Students approved for readmission to the university are eligible for financial aid based on financial aid awarding policies based on initial entrance to the university as a freshman or transfer student.
Financial Aid Satisfactory Academic Progress (SAP)
Federal regulations require all schools participating in Title IV financial aid programs to have a Satisfactory Academic Progress (SAP) policy. Title IV financial aid programs include:
- Pell Grant
- Supplemental Educational Opportunity Grant (SEOG)
- Federal Direct Subsidized Stafford Loan
- Federal Direct Unsubsidized Stafford Loan
- Federal Direct PLUS Loans
- Work Study
The requirements of this policy apply to all students receiving federal and state aid, and institutional aid per university policy.
To remain eligible for federal grants, loans, and work-study, students must meet the standards indicated below at the end of each semester. Please note the standards to establish and maintain eligibility for Title IV assistance are more stringent than the University’s academic standards for continuous enrollment. At the end of each term of enrollment, students must earn the minimum cumulative GPA, minimum number of credit hours, and be within the maximum timeframe. Failure to meet the minimum cumulative standards may result in a loss of financial aid eligibility.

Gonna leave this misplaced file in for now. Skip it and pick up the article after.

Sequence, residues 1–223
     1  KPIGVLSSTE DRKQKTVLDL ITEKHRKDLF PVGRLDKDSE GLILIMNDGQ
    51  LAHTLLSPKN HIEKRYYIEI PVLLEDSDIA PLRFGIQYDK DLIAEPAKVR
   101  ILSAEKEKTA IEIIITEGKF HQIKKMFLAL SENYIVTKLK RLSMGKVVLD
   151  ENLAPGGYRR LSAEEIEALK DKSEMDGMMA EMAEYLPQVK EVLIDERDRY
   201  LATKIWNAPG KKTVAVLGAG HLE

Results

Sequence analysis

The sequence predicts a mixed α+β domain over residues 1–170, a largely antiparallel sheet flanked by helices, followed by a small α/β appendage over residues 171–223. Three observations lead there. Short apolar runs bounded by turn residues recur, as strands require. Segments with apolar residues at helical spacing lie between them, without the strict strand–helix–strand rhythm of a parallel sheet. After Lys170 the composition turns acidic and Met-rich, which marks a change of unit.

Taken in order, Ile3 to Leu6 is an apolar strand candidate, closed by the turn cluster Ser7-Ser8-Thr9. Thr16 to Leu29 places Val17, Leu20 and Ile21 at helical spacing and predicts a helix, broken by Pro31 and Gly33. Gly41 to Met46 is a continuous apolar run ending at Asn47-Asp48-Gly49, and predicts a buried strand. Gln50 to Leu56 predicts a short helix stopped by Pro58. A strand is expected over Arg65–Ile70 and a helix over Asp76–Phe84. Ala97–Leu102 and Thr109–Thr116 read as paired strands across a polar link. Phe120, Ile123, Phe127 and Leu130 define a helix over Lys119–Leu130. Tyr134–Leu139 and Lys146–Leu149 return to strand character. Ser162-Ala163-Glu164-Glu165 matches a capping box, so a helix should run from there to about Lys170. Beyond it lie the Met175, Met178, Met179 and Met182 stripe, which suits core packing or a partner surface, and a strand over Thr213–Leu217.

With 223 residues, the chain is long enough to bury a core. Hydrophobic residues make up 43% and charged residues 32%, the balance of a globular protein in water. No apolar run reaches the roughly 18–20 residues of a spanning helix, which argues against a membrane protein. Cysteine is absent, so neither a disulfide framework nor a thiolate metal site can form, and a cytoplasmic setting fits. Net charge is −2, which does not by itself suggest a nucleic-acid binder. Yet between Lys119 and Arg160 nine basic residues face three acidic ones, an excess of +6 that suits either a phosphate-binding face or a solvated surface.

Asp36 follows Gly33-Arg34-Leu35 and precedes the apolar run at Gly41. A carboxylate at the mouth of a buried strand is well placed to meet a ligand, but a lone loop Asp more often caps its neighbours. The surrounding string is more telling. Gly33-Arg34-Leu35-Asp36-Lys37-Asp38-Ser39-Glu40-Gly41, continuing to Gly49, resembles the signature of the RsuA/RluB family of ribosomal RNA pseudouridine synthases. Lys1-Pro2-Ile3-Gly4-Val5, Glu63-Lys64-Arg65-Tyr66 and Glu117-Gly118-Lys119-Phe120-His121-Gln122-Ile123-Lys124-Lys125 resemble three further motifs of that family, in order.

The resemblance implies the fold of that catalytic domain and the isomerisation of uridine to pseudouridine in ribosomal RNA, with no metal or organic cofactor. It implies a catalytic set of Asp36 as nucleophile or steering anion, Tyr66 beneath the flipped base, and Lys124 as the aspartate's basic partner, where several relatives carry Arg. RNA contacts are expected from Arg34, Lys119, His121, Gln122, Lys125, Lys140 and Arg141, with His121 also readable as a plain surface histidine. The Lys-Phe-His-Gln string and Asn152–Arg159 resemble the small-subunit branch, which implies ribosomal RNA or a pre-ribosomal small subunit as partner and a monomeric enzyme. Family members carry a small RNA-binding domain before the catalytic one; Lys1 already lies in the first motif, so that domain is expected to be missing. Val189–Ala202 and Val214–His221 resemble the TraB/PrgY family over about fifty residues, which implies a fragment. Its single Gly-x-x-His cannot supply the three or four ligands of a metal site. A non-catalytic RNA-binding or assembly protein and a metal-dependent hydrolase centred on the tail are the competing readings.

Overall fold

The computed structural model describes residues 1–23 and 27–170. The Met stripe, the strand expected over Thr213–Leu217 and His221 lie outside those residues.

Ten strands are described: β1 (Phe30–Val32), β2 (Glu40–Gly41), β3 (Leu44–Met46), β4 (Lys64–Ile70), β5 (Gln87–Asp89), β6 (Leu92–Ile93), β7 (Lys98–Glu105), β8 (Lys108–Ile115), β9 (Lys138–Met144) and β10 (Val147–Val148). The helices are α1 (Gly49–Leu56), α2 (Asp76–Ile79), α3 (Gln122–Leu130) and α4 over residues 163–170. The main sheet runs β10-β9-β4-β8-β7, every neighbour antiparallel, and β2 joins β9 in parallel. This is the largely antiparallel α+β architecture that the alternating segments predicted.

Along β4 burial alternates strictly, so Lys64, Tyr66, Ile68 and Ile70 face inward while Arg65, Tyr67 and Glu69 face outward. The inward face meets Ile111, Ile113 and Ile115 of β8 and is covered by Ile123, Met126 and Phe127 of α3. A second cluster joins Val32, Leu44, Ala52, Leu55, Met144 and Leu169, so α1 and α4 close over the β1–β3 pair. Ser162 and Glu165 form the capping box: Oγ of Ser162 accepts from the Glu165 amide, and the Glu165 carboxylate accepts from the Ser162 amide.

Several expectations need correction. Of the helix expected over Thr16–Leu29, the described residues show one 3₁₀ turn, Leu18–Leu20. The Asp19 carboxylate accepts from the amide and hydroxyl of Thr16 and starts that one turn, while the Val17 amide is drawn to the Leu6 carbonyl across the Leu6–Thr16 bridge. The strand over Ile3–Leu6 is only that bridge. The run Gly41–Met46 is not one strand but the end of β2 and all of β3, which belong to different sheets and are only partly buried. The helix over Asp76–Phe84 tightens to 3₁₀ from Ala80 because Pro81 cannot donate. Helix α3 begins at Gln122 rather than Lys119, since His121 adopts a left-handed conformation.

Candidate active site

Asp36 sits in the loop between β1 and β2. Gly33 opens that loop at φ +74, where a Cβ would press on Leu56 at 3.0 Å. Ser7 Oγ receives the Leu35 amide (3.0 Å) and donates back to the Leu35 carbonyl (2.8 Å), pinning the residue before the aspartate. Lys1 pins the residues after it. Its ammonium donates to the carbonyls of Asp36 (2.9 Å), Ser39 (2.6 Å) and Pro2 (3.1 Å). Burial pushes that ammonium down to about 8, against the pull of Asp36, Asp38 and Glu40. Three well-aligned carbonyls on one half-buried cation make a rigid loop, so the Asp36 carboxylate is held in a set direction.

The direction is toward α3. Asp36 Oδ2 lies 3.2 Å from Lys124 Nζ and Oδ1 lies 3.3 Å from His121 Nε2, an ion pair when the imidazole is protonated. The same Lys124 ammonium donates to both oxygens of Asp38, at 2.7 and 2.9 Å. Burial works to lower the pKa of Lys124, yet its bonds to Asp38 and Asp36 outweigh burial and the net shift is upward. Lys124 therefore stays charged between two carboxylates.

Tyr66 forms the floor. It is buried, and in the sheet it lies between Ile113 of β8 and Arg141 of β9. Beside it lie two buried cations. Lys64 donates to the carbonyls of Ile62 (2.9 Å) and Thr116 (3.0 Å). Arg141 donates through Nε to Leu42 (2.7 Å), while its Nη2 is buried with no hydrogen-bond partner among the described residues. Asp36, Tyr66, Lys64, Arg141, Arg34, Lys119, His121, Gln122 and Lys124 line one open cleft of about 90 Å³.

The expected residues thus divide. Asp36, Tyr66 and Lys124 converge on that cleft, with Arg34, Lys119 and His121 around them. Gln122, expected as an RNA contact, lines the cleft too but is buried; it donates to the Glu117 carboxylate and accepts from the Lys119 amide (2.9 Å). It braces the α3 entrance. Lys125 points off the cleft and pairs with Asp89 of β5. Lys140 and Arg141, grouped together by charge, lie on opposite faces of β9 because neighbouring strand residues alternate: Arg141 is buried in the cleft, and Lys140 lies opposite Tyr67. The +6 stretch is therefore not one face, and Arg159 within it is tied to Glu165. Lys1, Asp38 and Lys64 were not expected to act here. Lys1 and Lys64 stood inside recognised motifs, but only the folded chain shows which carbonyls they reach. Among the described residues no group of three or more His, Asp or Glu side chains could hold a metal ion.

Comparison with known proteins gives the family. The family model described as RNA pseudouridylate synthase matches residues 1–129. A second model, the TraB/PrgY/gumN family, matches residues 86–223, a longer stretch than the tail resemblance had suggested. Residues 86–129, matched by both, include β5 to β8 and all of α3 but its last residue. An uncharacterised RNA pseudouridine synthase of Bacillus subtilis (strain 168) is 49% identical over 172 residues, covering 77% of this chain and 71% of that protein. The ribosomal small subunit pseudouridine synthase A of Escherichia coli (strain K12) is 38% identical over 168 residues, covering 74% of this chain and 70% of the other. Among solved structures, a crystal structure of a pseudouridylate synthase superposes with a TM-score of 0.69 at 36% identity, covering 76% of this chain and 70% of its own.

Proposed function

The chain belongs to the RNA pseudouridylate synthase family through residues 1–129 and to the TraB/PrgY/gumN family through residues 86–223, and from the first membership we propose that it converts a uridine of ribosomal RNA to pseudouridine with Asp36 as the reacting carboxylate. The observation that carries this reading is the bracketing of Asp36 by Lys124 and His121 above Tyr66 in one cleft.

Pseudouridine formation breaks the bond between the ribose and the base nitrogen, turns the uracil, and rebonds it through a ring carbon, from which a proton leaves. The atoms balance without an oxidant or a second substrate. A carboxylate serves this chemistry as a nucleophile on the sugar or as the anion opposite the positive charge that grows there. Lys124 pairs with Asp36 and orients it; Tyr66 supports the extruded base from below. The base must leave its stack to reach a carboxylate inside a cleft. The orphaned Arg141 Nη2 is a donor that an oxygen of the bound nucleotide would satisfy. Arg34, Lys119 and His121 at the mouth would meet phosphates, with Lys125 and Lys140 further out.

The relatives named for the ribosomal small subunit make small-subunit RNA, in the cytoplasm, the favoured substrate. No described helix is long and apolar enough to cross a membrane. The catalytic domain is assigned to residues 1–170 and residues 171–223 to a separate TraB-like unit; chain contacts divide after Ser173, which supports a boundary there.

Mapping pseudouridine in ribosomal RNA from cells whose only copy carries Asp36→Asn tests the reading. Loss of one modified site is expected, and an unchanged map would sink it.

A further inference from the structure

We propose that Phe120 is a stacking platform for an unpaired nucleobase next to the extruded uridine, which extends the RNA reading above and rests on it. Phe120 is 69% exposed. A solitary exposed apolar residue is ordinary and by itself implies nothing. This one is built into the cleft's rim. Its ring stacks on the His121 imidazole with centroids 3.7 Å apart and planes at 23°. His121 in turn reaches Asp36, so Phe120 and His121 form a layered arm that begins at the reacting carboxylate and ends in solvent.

Qualitative Measure of Progress
The qualitative requirement sets a minimum Cumulative Grade Point Average (GPA) for the degree level at which a student is classified. Note: This is the GPA used to determine one’s status and includes grades from courses taken at all other schools that are accepted by the university. To remain in compliance, a student must maintain the following cumulative GPA after each period of assessment:
- Minimum cumulative GPA for undergraduate students is 2.0
- Undergraduate academic scholarship requires a cumulative GPA 2.5
Undergraduate Honor’s Scholarship requires a cumulative GPA 3.3
- Undergraduate Presidential Honor’s Scholarship requires a cumulative GPA 3.5
- Minimum cumulative GPA for graduate students is 3.0
- Minimum cumulative GPA for graduate MAED students is 3.25
Quantitative Measure of Progress
The quantitative requirement contains two components, Pace of Progression and Maximum Time frame.
- Pace of Progression/Completion Rate